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Iran's nuclear dilemmas

The road to reviving nuclear diplomacy with Iran appears to be full of challenges

Bassem Aly , Friday 19 Feb 2021
Nuclear dilemmas
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The end of the Trump presidency does not clearly mark an end to Iranian-Western tensions over Tehran’s nuclear activities. On Monday, Iran said it will be “obliged to suspend the voluntary implementation of the Additional Protocol” if parties to the 2015 Joint Comprehensive Plan of Action (JCPOA) did not fulfill their obligations.

“It does not mean ending all inspections by the UN nuclear watchdog... All these steps are reversible if the other party changes its path and honours its obligations,” Iran’s Foreign Minister Saeed Khatibzadeh stated. However, Iran’s envoy to the International Atomic Energy Agency (IAEA) has already told the UN body that his country will block all inspection powers given in accordance with the nuclear deal.

Controversial statements by Iranian officials began earlier this month when its Intelligence Minister Mahmoud Alavi, said the West is pressing Iran to fight like a “cornered cat”. “The Supreme Leader has explicitly said in his fatwa that nuclear weapons are against Sharia Law and the Islamic Republic sees them as religiously forbidden and does not pursue them,” Alavi told state TV, adding that “ cornered cat may behave differently from when the cat is free. And if [Western states] push Iran in that direction, then it’s no longer Iran’s fault.”

It can be argued that Iran’s nuclear policy is somehow surprising, especially considering the US President Joe Biden was the vice president in the Obama administration, whose team members are credited with finalising the JCPOA. Later Trump withdrew from the JCPOA, imposed severe economic sanctions on Iran and pressed Europe to do the same.

This came at a time in which Iran had just started to rebuild its economy after suffering from isolation for long decades. In the last few years, according to a Reuters report, Iran’s currency lost 70 per cent of its value against the US dollar, 40 million Iranians have been living below the poverty line and hundreds of factories have been shut down.

The vice president of the Washington-based Quincy Institute for Responsible Statecraft Trita Parsi, an Iran expert who regularly provides policy recommendations for Western governments, told Al-Ahram Weekly that Iran will probably continue to escalate until the Biden administration fully rejoins the deal.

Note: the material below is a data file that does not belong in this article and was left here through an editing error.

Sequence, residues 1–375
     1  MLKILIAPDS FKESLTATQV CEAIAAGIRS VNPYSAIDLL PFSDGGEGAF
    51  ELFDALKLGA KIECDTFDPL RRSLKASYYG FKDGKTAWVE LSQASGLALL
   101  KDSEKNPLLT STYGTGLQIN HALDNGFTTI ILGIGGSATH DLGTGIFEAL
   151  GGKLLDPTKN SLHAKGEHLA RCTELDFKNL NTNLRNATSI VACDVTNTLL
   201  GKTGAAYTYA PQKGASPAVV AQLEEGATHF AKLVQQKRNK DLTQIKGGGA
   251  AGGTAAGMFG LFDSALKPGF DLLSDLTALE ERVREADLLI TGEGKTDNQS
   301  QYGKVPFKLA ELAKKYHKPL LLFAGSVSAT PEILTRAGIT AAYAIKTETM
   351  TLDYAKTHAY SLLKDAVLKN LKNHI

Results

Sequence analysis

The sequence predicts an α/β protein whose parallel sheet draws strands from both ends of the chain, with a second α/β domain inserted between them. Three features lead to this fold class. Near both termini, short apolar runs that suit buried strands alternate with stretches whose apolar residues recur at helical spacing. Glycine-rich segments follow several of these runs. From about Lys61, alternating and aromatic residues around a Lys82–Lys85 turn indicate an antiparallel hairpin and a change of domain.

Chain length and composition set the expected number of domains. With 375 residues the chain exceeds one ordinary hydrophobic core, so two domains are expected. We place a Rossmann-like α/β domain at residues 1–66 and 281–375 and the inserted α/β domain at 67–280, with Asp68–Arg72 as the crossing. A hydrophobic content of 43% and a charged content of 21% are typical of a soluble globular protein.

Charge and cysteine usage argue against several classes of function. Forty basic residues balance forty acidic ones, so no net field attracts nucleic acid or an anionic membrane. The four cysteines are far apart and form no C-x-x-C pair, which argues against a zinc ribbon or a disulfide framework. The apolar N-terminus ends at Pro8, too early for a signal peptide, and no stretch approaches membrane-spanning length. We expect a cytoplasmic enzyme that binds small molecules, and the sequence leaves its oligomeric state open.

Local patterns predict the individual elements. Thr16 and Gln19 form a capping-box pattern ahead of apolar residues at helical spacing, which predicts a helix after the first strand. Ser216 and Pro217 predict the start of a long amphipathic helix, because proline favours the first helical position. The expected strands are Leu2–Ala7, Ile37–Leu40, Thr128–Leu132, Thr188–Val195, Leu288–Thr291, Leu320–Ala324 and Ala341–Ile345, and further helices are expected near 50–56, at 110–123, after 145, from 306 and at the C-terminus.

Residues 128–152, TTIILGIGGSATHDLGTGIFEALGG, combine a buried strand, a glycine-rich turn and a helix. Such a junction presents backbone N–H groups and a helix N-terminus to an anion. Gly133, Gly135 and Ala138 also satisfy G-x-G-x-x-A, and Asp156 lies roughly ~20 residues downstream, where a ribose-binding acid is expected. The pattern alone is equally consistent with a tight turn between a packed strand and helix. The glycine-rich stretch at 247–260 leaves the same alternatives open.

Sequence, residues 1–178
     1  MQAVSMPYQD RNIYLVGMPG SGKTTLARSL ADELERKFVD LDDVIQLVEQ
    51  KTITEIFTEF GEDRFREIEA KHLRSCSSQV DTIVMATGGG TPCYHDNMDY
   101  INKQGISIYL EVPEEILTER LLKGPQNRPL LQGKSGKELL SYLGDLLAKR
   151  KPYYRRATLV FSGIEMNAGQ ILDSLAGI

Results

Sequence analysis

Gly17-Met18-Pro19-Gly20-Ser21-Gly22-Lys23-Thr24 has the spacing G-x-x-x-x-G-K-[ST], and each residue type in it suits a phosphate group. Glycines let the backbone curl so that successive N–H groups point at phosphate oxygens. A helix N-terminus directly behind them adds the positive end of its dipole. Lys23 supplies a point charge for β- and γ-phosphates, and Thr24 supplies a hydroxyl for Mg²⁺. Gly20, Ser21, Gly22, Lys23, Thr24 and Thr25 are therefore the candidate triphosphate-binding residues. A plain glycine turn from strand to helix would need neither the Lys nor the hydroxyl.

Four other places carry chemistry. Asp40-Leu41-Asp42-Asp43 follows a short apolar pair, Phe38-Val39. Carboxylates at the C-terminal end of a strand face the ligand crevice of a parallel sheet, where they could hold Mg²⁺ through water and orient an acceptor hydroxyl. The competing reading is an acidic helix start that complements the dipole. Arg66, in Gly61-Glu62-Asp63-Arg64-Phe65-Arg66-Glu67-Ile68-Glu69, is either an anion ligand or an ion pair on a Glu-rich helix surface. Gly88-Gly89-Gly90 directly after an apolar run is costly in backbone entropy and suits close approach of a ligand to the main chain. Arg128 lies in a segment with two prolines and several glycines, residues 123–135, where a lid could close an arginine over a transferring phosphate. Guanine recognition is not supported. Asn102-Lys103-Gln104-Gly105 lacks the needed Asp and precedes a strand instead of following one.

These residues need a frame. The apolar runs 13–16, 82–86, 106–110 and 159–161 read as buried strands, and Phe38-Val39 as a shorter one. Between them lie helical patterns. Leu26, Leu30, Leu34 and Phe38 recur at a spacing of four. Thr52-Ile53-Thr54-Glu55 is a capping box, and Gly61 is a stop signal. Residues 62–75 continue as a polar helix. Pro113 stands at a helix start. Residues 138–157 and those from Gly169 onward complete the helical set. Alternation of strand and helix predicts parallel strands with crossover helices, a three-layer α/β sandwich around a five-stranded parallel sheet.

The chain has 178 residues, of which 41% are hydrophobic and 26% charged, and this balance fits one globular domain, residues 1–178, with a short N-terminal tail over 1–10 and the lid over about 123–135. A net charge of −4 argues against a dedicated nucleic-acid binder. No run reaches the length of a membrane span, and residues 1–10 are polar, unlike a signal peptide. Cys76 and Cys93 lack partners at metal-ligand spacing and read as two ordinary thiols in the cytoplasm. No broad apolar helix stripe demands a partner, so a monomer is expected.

“The reality is that Iran is inside the deal, though it has reduced some of its commitments, while Biden is still outside the deal, almost a month in his presidency. It appears that the Iranians are getting nervous about Biden’s intentions, but overreacting can also ruin the opportunity for the JCPOA to be revived,” Parsi argued.  

The implications of the Iranian approach to the nuclear crisis seem to be unacceptable to Europeans. Britain, Germany and France – three powerful states that have played key roles in nuclear diplomacy throughout the past six years – recently warned Iran against “undermining the opportunity for renewed diplomacy to fully realise the objectives of the JCPOA”.

In a joint statement issued after the IAEA accused Iran of producing uranium, the European countries said Iran has “no reliable civilian justification for these activities, which are a key step in the development of a nuclear weapon.”

CBS Evening News, which interviewed Biden on 7 February, said he “nodded affirmatively” when the interviewer asked him if Iran has to stop enriching uranium first ahead of lifting US sanctions. The US Secretary of State Anthony Blinken also stressed that exact same policy orientation in several media appearances. 

Jason Brodsky, policy director for United Against Nuclear Iran, said the current developments do not mean that the “window is closing on diplomacy”, for Iran’s supreme leader has authorised talks under both hardline and moderate presidencies.

“The Rouhani administration is trying to make it appear as if the window for diplomacy is closing,” Brodsky explained, “because the Rouhani presidency is in its final months. But he has an ulterior motive here in trying to bolster his own legacy at home and, in the process, attempting to improve the political fortunes of the pragmatists ahead of Iran’s presidential election.”

The JCPOA came into being in July 2015 following hectic negotiations between Iran and the so-called P5+1, including the five permanent members of the UN Security Council and Germany. The agreement says that Washington and the European Union would terminate all nuclear-related sanctions on Iran in return for Iran’s approval of increased monitoring by the IAEA and severe limitations on nuclear research, production of enriched uranium, operations of centrifuges and accumulation of heavy water.

Kanishkan Sathasivam, professor of international relations at Salem State University, believes that “fixing the fundamental flaws” of the JCPOA has to be included in any discussions.

“The JCPOA has to demonstrate that even if not now then at least after some years it will permanently close off Iran’s access to a bomb. If you don’t have this, then you don’t really have a deal. And I believe the current British government also now understands this problem, so the US is not alone here.

Furthermore, the secondary issues such as Iran’s meddling in the internal affairs of various Arab states, support for terrorist groups and continuing development of long-range ballistic missiles have to be addressed in some form as well.”

*A version of this article appears in print in the 18 February, 2021 edition of Al-Ahram Weekly

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